Afterwards, the comic license would go into temporary hibernation until 2009 when it was announced that the Mt. Laurel, New Jersey-based company known as Dynamite Entertainment (known for working on various licensed properties like Zorro, Army of Darkness, The Shadow and Red Sonja) had acquired it. For this take on the famed sci-fi series, they decided to take a different route in their execution.
Originally published from January-March 2010 for the first three issues, followed by May for #4 and then July & August for the last two issues, this series was written by Rob Williams. Fabiano Neves serves as our main artist for the four issues while Unai De Zarate carries that torch for the last two issues. Diogo Nascimonto would serve as series colorist for the first two issues, Giovanna Guimarães takes over those duties for issues 3 & 4, while Oscar Manuel Martin carries that torch for 5 & 6. As mentioned in each issue, this series takes place after the first film and essentially ignores the theatrical sequels. So how does our cyborg hero fare down this alternate timeline? Let’s find out with a storm that brews up a “Revolution”.
We open on Media Break where newscasters Casey Wong and Jess Perkins cover various stories on the world before coming a across a story on OCP’s successful multi-dollar military contract. We also learn that the company has a new Chief Executive in Edwina Odenkirk who says that this deal will greatly help the organization. Sometime afterwards, she gives a glass of water to an elderly man who’s connected to various medical tubes and believes that he’s talking to someone named Dick.
Out on the streets of Old Detroit, RoboCop and Anne are chasing after a group of Neo-Nazis who’ve stolen an armored car from the police and even have a few officers as their hostages. Murphy manages to take one of the thugs out with a headshot before he tells Lewis to get him close enough for him to leap onto the fleeing vehicle. He manages to leap over in time for both parties to swerve around a mother and her two sons who were crossing the street. After taking out another thug, RoboCop tells Anne to cut them off when they’re suddenly approached by a group of new ED-209s who open fire on the vehicle and slaughters everyone inside.
Later at the Metro West precinct, Lewis informs Sgt. Warren Reed about the incident. Suddenly, both of them and RoboCop are approached by Edwina and her squad as they scold the officers for doing a poor job (at least in her eyes) of keeping the streets safe. Because she’s the new Chief Executive (and because OCP has privatized the police department), she tells everyone expect RoboCop that they’ve been fired. Not only that, but they’ve been replaced with the redesigned and “glitch-free: ED-209b’s.
Later, Media Break covers this event as Edwina informs the public that this meant to snuff out crime and make the streets safe. The newscast then mentions about a former wrestler and Detroit Councilman named Mason “Manslaughter” Vogler who voices his disapproval towards the city’s leaders handling on how they ran the local economy and says that if basic services aren’t allowed to be offered to the public, then he’ll threaten “to take them by force”. Back at the police station, Edwina tells RoboCop that he’s not allowed to walk-out with the rest of his officers since he’s mostly OCP property. As such, he’s forced to work alongside the ED-209b’s or else he’ll become nothing but scrap. Afterwards, a technician named Wagner offers to help Murphy access his old memories. RoboCop complies as he takes his place in his recharge station before a wave of past memories flood his mind.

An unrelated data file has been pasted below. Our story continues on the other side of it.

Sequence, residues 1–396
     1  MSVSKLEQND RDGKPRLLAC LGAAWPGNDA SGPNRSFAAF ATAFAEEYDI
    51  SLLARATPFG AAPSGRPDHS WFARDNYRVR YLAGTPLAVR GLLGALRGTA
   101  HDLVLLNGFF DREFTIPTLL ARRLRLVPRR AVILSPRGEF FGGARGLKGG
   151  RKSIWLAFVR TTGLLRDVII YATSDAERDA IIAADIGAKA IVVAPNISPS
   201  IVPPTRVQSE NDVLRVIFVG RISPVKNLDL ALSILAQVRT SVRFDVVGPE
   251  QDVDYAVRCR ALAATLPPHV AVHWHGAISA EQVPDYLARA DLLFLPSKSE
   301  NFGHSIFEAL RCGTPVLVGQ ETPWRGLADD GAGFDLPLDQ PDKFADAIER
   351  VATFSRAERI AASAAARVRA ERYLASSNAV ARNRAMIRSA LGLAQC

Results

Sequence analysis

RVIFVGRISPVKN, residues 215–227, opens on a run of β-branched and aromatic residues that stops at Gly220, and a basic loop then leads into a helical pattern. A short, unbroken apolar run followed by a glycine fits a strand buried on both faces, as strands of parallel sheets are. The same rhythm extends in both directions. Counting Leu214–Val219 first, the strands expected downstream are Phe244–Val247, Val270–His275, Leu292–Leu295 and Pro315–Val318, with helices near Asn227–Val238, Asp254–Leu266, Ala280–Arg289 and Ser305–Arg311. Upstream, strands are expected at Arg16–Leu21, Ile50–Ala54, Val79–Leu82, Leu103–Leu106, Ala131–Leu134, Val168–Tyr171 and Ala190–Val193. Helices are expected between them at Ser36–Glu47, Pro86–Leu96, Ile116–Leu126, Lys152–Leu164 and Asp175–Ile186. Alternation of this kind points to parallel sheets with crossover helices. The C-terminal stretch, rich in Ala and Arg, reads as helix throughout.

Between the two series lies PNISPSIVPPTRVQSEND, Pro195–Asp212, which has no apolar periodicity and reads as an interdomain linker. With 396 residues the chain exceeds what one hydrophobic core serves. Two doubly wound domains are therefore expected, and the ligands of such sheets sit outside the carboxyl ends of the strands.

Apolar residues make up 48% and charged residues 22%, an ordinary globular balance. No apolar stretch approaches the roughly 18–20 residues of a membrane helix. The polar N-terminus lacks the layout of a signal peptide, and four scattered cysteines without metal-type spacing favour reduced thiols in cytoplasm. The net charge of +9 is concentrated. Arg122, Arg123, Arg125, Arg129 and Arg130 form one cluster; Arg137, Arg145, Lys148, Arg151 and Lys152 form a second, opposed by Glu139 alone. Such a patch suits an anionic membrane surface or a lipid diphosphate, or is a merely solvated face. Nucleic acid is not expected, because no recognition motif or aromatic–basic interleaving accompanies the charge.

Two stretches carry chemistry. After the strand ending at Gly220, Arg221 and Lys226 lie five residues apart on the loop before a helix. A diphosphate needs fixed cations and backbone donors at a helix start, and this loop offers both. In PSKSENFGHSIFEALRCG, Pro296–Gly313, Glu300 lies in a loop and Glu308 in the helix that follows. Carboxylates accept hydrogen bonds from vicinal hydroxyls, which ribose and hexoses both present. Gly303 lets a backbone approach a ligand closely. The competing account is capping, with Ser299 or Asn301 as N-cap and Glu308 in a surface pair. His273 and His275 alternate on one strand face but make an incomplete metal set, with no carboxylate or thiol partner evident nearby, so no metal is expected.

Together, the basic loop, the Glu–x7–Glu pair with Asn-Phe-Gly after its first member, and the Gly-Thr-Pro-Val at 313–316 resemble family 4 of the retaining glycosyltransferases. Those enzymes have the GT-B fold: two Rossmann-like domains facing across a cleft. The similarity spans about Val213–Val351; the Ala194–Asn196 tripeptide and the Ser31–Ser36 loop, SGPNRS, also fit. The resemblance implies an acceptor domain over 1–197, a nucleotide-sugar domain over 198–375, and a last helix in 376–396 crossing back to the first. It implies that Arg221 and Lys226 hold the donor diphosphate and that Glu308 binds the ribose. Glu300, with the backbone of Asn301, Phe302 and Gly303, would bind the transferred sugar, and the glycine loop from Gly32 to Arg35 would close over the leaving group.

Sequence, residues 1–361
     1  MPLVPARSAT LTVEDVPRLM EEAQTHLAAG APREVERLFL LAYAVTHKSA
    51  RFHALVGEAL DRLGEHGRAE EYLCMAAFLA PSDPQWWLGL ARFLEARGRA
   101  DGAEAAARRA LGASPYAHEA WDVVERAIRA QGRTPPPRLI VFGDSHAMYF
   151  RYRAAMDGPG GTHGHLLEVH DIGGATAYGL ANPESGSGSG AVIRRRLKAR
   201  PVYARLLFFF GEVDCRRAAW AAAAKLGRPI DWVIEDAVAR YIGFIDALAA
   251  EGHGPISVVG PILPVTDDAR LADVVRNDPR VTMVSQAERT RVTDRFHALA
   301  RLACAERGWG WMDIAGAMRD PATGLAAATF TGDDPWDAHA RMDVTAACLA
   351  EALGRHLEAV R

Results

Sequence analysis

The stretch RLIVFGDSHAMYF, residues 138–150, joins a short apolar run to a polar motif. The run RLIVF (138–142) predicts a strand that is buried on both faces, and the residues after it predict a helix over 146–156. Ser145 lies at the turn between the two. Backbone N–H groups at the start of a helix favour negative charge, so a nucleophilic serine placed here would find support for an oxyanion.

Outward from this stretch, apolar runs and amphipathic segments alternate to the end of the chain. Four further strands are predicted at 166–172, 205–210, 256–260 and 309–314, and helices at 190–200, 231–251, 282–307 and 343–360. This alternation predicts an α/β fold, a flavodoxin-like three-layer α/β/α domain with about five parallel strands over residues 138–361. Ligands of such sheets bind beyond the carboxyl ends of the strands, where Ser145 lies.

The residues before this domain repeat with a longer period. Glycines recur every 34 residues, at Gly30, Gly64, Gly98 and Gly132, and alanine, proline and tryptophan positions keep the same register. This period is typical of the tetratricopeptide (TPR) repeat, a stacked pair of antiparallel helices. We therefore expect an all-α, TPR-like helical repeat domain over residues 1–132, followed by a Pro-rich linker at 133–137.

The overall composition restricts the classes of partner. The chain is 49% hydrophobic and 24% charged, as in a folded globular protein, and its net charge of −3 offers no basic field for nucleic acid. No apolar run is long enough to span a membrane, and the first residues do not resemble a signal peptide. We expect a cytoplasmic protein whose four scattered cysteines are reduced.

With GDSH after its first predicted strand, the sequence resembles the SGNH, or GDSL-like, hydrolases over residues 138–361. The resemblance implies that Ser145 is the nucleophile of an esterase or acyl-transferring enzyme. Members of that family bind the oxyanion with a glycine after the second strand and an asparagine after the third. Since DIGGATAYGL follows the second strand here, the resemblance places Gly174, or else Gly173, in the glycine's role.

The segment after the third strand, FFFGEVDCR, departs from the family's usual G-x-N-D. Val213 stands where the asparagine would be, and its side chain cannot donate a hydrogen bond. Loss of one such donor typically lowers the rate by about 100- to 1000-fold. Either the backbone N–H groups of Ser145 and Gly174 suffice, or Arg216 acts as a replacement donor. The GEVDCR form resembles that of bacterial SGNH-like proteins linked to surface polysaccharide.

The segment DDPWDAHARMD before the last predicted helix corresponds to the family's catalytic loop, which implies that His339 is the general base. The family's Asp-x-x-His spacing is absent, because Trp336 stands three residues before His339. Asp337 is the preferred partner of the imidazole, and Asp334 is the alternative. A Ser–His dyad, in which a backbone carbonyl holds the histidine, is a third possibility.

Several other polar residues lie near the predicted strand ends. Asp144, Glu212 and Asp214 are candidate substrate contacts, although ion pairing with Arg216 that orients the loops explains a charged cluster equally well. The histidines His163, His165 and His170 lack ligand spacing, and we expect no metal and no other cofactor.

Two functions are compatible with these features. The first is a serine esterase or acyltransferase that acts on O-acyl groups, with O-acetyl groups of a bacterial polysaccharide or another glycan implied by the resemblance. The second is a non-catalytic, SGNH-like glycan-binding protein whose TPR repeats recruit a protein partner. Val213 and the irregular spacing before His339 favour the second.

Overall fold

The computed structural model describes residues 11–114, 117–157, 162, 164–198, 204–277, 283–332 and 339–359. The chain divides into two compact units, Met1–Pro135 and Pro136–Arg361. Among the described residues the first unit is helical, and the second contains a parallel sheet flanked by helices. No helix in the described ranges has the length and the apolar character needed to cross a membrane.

Meanwhile, Mason unleashes his wrath as he fires a bazooka towards a supermarket in order for his people to get some nourishment. From there, Issue 1 ends back at OCP as the elderly man sees smoke rising up from the faraway incident as he claims to recall a certain memory.
Issue 2 opens on Media Break reporting on the new ED-209b becoming a hit with the school kids before another one saves a man from a burning building. Back in reality, several armed delivery convoys are transporting food when they’re taken aback by a hidden trap hole on the road.
It turns out that it was hidden ambush by Mason and his rebels has they look to rob the transport for the valuable nourishment. However, they’re caught off-guard when they discover an ED-209b aboard as it proceeds to gun them down. It then targets a female rebeller before RoboCop had to step in and order it to stop since she surrendered. As such, it complies while Mason manages to escape while the news broadcast believes that he was killed. During a press conference with OCP, Edwina states that they’re searching the bloodied corpse to be sure as she reinforces that this act displays her company’s “zero tolerance” towards Old Detroit’s lawlessness.
Over at a bar, Reed, Lewis and several of the laid-off cops watch the broadcast with disdain. Just then, RoboCop arrives and gets berated by his former colleagues for siding with OCP (albeit against his own will). Fortunately, Warren praises Murphy for helping the streets remain safe. RoboCop tries to talk to Anne, but she’s unwilling to as he takes his leave. As he gets in his car, he’s approached by a guy named Jerome H. Moss. He tells Alex that he’s a reporter for The Old Detroit Beacon, the only newspaper service in town that’s not owned by OCP. Moss then tries to explain the convenience of OCP creating an army of ED-209s under they’re control, yet Murphy is the only RoboCop the company made and yet they keep him around while the rest of the police department was laid off. Unfortunately, Alex ends up driving away.